Preemptive quit lit, or, does history have a future?

Come and get it!

Come and get it!

Much to my surprise, as I’ve been a bit of a grumpypants lately, the post last week on Matthew Pratt Guterl’s “What to Love” really struck a chord with a number of you.  Can you stand me blowing more sunshine up your skirt?

In today’s quit-lit-esque Jeremiad, Robert Zaretsky of the University of Houston riffs on Fernand Braudel’s The Mediterranean and the Mediterranean World in the Age of Phillip II  in “The Future of History,” published today in The Chronicle of Higher Education:

Braudel’s approach casts light not just on early-modern scholastics, but also on their postmodern descendants. Consider the tempo of life in graduate school: It moves at the same glacial pace as did life during the age of Phillip. Still governed by guildlike regulations and socio-professional traditions that our early-modern ancestors would recognize, the careers of grad students advance as languidly as trade caravans once did across North Africa.

It is hardly surprising, then, that we are unprepared for the tempo and temper of the times. We have handicapped ourselves, in addition, by a process of professional fission, fracturing into a growing number of subdisciplines. As our profession continued to sprawl, we fastened on ever smaller matters, and phrased our work in ever more arcane jargon. Mostly indifferent to the art of storytelling, we have been dying a death by a thousand monographs.

Seriously?  The “we’ve forgotten how to tell stories” line again?  Just how many copies of The Med and the Med World did Braudel sell outside of university libraries, anyway?  Was it a Book of the Month Club selection?  Riiiight.  Whenever I see that old line trotted out about “dying a death by a thousand monographs,” I see someone getting ready to push someone else out of the lifeboat, or at least hear him tell some kids to get off his lawn.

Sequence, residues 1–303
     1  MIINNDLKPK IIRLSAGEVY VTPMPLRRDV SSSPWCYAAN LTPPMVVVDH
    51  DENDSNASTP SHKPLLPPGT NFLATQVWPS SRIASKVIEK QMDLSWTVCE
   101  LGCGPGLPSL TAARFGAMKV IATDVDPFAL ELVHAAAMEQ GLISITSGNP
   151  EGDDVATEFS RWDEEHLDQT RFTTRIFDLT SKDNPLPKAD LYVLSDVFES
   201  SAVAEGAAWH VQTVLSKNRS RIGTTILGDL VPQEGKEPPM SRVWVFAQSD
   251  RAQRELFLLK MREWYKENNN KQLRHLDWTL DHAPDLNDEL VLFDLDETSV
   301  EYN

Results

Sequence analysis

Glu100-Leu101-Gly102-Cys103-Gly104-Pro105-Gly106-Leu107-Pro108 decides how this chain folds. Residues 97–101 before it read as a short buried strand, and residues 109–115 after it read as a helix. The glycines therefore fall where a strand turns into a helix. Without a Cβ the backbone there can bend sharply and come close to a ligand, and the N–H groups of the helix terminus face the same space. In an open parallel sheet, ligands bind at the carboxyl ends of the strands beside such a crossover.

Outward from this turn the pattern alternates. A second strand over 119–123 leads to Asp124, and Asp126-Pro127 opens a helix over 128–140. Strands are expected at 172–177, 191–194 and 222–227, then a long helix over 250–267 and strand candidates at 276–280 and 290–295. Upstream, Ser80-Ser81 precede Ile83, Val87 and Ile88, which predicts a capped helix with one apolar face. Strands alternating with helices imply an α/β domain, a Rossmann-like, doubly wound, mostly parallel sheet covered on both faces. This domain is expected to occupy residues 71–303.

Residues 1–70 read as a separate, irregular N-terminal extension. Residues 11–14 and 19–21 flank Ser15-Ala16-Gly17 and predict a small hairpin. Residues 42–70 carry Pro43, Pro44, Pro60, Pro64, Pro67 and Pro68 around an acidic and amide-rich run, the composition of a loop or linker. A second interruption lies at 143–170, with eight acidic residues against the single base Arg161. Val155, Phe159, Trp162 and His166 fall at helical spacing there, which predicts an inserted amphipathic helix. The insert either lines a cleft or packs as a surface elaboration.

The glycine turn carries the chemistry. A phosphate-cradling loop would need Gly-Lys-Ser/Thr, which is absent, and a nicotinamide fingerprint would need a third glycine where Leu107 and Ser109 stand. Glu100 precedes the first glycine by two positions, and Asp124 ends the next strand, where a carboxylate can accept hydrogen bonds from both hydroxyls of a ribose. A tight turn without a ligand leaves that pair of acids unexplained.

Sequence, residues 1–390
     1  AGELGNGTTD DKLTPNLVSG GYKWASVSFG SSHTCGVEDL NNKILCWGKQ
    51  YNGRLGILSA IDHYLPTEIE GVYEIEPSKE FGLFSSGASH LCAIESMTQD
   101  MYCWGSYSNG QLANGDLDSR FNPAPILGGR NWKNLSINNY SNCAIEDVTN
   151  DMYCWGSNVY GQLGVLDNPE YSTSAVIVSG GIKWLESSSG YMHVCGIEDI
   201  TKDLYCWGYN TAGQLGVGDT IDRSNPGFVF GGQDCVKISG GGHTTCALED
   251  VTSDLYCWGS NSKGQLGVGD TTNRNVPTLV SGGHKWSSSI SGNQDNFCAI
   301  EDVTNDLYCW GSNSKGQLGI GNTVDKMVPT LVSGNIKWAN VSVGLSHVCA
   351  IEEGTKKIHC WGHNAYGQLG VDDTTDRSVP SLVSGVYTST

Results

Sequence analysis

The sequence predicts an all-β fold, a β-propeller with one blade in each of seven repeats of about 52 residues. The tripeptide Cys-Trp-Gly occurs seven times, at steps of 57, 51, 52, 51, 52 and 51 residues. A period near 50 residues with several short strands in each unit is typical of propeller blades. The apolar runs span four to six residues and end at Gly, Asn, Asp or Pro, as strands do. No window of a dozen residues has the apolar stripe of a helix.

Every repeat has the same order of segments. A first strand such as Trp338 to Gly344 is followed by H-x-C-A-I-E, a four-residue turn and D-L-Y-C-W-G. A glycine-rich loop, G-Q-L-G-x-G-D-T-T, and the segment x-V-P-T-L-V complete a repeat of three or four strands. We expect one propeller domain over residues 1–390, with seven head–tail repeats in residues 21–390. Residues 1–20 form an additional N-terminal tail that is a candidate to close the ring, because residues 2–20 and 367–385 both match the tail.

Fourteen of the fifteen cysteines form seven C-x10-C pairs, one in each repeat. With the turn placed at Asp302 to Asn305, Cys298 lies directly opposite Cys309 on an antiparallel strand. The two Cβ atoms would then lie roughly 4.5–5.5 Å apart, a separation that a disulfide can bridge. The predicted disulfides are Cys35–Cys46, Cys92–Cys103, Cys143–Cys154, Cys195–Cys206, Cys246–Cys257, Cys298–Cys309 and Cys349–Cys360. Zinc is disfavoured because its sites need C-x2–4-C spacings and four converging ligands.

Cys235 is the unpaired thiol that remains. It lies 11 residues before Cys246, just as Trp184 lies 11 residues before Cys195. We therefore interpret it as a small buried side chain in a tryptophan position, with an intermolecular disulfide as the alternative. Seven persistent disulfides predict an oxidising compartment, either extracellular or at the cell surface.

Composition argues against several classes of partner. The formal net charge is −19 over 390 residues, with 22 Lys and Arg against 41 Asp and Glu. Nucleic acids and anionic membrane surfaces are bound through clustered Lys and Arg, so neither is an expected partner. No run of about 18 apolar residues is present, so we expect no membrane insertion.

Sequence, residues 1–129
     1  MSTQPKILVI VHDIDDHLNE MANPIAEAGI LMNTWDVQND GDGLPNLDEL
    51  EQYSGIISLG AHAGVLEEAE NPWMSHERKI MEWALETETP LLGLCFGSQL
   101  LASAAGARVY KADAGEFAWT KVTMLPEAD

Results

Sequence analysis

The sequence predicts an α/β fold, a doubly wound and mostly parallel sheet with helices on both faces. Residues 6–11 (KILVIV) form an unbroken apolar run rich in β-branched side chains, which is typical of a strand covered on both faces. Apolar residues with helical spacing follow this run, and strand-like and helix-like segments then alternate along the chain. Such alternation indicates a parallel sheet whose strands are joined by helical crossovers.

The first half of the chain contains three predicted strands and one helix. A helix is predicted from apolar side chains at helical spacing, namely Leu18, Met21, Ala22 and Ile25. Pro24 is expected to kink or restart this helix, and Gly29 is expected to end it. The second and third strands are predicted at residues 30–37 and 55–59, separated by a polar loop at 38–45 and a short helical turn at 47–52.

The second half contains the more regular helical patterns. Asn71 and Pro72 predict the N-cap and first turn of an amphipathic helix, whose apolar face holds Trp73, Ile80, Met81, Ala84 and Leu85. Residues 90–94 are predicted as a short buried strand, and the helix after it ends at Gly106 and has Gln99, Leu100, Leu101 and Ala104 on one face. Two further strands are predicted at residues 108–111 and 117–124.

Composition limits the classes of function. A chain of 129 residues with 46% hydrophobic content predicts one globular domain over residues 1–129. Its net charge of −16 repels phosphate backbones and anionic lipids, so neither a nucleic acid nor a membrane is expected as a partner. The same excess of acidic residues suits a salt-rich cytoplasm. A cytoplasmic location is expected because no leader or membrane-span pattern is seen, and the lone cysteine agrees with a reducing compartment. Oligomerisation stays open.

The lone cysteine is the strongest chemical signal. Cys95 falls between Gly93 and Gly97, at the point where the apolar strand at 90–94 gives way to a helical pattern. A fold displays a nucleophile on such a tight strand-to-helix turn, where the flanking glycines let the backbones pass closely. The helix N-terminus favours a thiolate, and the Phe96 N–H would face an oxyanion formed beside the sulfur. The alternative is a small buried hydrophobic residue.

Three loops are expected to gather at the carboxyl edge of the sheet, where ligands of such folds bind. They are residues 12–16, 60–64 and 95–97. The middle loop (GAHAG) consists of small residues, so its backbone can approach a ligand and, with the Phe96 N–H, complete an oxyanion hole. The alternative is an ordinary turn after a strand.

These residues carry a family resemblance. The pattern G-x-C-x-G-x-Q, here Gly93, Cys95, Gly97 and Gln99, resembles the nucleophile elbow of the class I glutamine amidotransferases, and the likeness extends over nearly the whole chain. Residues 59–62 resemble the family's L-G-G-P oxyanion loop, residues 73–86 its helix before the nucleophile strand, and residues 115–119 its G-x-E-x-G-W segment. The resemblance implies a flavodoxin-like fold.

Enough of the “golden age” fantasies about the awesome, well-paid, and always well-respected scholars of yore.  When is your imagined “golden age” for history in these United States–the early and mid-nineteenth century, when only Gentlemen Scholars wrote history and bent it to their Protestant, white, male, triumphalist ends?  Just how many of those historians were actually making a living at it?  Just about none?  Alrighty then.


I’d rather be lucky than good!

Or is your “golden age” the so-called “progressive” era, when loads of German-speakers had university jobs but lost them in World War I, because it would be a bad thing to be able to read and write an enemy language?  Was it the post-World War II era, when the G.I. Bill permitted universities like mine (formerly “Colorado A&M–for eighth-grade graduates!”) to expand, but at the same time Cold War politics meant firing a lot of faculty for their current or past Communist ties (or for the mere suspicion of Communism?)  Was it the fat and happy 1960s, when faculty were hired in great numbers but also fired for supporting students in the antiwar movement?  (It happened in my department back in the day.)

And in all of these previous eras, someone like me would have been as unwelcome as a fly at a picnic, because university faculties were overwhelmingly white and male.  I’m white, but as they say:  close only counts in horseshoes and hand grenades!  

Guess what, friends?  I hate to break it to you, but being an intellectual has never been a very good career move in the United States.  So as I see it, our options are 1) don’t become a historian, 2) become a historian and try not to offend anyone with your informed opinons, or 3) (my choice) enjoy your outlaw status, whether or not you collect a paycheck.  Piss some people off!  Write a few books because no one else will!  Start a blog!  Start a podcast!  Make friends, influence people!  If you have tenure, use it.  Enjoy fame, if not fortune, on social media.